8. Thanks for clarifying a topic which bothered me for the longest time.
    Then again, here goes the "kutzo shel Yud" (and the whole Orach chaim Siman 32) since the whole Kessav Ashuri is just an assumption of an other culture's alef beth.

  9. One more question:
    Were the Samaritans so much more powerful than the Jews, that the Jewish leadership was worried enough about the latter's negative influence to warrant the adoption of a new Aleph Beth?
    Sounds like "the tail is wagging the dog".

    1. Let me first say that I agree that the reason is not terribly convincing necessarily or, to put it another way, is entirely based on conjecture. While nice that Eusebius already suggested it, he also lived many centuries later.

      I also agree that the change seems completely drastic. I will only say that part of the reason it seems outrageous is because it is from our vantage point. At the end of the day, as great as we think the Anshei Knesses Hagedolah were, last of the Nevi'im, etc. - what this whole thing amounts to is saying that men made a decision to make a radical change in God's word. Crazy!

      But it is so from our vantage point. You mentioned the halachic discussions about kotzo shel yud. Well, I see nothing abot kotzo shel yud in the Torah or in the Nevi'im. We should be careful not to project our own ideas of the importance of the tzuros ha-osiyos onto earlier times. If you think about it, many very commonly believed things about the alphabet are entirely absent in the Talmud too, even if already we see more esteem for the aleph beis, and halacha about the shape of letters in the Talmud. In short, the attitude about the letters seems to be something which developed. We can't ask a question on others based on our own issues, or we can, but we have to at least keep in mind that the answer may be as simple as "It was as meaningless to them as it is to modify the recipe for דיו is to us."

      Finally, I would add that from an academic point of view, all alphabets (almost all, anyway) are actually evolved from the Phoenician, that is, the Ktav Ivri. This includes the Aramaic alphabet, that is, the Ktav Ashuri. If you look at surviving inscriptions and papyrus from the Persian period you can see it much more than you can with the standardized Hebrew square script as it too developed in time. It is even possible that originally the relationship between the scripts was realized, and simply, the Aramaic/ Ivri script was a more beautiful, prestigious form of the same script, and seen as entirely appropriate an enhancement of Tanakh to write it in that script. Remember, the alphabets correspond exactly. 22 letters. Not like Arabic, which has a few extra letters and so on. They are the same alphabet, just written differently. Just thought of that now, but who knows?

      As for the issue of just how "powerful" the Samaritans would have had to be to differentiate its Torah, bear in mind that there were no Chumashim in those days, certainly no printing. Books - scrolls - of the Torah were certainly somewhat rare. We see from the Dead Sea Scrolls that standards weren't quite what they are now. I could at least conceive of the possibility - albeit without proof - that this was a problem and hischakmu, they did something about it.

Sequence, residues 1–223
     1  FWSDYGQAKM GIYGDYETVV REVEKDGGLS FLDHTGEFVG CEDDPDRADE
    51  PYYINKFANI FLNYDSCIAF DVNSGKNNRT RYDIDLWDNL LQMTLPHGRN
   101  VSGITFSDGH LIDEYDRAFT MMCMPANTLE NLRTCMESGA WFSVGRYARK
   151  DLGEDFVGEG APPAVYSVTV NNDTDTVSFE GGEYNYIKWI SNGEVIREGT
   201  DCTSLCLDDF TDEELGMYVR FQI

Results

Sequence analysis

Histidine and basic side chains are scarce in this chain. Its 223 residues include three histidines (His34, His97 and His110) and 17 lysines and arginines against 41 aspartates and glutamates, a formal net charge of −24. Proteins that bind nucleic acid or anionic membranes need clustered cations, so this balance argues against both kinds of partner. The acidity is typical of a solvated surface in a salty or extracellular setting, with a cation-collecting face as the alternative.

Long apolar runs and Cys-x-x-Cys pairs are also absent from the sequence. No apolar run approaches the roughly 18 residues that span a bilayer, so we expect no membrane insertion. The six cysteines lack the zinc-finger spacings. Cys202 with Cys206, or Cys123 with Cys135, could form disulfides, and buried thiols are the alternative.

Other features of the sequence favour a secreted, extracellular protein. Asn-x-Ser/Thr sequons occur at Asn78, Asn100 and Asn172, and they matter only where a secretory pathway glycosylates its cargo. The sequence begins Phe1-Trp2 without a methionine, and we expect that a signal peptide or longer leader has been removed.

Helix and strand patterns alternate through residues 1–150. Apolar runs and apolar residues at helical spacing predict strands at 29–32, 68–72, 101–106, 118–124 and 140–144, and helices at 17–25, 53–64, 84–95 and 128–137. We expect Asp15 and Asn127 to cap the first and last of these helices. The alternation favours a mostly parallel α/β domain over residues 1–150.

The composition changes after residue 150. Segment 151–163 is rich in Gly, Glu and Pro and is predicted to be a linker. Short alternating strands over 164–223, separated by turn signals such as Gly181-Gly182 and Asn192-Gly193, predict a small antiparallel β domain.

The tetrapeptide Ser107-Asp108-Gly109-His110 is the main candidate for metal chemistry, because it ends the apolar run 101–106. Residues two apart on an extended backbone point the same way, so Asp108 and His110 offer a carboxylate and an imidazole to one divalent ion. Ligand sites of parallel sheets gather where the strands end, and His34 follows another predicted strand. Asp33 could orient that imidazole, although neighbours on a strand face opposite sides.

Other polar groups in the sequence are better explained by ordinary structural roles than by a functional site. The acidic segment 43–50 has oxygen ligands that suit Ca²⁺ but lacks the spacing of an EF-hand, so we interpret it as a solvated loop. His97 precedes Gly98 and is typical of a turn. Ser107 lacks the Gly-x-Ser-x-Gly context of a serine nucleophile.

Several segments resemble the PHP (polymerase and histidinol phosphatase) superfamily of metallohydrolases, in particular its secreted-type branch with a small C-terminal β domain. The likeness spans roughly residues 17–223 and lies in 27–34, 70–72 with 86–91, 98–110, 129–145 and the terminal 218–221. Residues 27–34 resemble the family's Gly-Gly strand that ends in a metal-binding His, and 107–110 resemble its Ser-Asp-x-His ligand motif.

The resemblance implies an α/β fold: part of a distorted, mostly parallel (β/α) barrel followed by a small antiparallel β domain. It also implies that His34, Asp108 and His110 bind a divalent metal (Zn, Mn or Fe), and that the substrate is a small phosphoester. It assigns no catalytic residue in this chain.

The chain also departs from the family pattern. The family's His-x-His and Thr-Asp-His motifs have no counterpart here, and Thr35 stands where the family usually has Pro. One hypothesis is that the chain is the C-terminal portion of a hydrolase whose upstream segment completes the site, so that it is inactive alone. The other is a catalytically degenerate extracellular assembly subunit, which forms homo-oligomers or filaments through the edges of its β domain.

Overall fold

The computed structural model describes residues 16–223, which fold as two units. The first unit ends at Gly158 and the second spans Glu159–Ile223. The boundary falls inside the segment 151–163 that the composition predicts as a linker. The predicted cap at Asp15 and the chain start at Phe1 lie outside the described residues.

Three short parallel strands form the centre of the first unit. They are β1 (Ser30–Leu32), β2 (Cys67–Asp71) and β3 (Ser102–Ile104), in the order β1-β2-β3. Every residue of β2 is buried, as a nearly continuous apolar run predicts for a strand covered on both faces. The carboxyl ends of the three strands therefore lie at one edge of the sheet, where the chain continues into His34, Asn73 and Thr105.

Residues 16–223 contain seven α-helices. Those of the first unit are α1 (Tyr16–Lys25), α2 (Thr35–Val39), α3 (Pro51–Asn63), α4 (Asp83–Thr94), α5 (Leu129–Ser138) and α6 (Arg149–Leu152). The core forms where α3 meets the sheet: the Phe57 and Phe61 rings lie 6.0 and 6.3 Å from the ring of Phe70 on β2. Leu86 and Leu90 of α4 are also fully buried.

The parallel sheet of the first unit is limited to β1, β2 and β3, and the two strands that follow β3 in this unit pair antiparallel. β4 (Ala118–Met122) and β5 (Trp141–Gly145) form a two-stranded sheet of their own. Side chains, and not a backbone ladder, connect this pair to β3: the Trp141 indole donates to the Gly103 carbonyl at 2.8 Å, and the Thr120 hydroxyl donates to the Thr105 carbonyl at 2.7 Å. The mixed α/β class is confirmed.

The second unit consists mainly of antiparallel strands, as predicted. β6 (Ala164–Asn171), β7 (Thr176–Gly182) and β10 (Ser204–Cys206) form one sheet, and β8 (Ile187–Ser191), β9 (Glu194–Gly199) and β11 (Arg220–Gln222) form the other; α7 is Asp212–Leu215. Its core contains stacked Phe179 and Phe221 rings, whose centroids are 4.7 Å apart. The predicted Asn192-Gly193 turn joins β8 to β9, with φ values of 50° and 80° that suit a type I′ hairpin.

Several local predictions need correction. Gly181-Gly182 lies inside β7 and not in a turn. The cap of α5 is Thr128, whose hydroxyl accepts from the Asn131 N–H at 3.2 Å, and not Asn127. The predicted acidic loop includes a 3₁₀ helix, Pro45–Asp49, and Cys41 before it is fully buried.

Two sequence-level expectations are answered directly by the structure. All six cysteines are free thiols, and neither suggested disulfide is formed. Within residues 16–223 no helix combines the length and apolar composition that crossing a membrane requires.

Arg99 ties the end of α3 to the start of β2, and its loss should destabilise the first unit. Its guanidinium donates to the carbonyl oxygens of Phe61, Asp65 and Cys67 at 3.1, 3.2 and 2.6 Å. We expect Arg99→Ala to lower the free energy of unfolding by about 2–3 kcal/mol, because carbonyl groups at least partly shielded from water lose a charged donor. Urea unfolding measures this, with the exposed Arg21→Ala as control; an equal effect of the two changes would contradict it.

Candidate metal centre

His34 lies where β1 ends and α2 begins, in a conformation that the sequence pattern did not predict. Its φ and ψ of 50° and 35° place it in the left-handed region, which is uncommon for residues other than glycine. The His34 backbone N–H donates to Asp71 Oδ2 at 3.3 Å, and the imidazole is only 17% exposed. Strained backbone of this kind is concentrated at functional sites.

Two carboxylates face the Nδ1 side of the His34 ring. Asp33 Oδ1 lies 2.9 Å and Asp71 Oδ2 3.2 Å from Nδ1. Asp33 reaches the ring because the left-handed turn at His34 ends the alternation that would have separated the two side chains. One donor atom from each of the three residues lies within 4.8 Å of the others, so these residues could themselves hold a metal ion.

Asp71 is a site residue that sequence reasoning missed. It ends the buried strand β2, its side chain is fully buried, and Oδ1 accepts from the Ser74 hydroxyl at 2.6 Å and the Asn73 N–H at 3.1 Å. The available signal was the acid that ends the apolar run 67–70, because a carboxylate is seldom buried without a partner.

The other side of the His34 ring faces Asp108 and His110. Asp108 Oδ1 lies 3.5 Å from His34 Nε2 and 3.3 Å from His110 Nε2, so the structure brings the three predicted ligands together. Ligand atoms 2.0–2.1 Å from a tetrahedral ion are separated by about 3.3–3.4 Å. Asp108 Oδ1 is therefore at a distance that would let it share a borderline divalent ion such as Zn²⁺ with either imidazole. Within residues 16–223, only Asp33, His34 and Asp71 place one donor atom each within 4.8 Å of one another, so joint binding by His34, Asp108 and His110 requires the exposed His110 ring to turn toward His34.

10. This morning a discussion with a friend of mine inspired the following thought. The Yerushalmi Megilla 1:11 says that according to each opinion, the Torah was originally in Ashurit or Ivri, there was a miracle in the Luchot, but the miracle differed by letter:

    תני רבי שמעון בן אלעזר אומר משום רבי אלעזר בן פרטא שאמר משום רבי לעזר המודעי כתב אשורי ניתנה התורה ומה טעמא [שמות כז י] ווי העמודים שיהו ווים של תורה דומים לעמודים אמר רבי לוי מאן דאמר לרעץ ניתנה התורה עי"ן מעשה ניסים מאן דאמר אשורי ניתנה התורה סמ"ך מעשה ניסים

    But focusing on the first part, it occurs to me that the vav certainly looks like a vav (hook) in Ktav Ivri - maybe even more so than in Ktav Ashuri. So why does רבי אלעזר consider the vav a proof that it was in Ashuri? Perhaps the answer is the Samaritan alphabet. In the Samaritan alphabet the vav does not look much like a hook. Rabbi Eleazar's idea of Ktav Ivri was the Samaritan alphabet, not the older Phoenician one, which it evolved from.

    See here for a table of the Samaritan alphabet.

    1. =pillar, not hook. Same thing. In the Samaritan the vav does not look like an עמוד, but it does in actual Ktav Ivri, same as in Ktav Ashuri.

  11. It's important to remember that the Samaritan Hebrew we see today is modern and evolved. Take it back far enough and it looks exactly like Paleo-Hebrew.

    Go have a look at 4-6th century Samaritan and you'll see it was much more similar to 2nd century BCE Hasmonean paleo-Hebrew.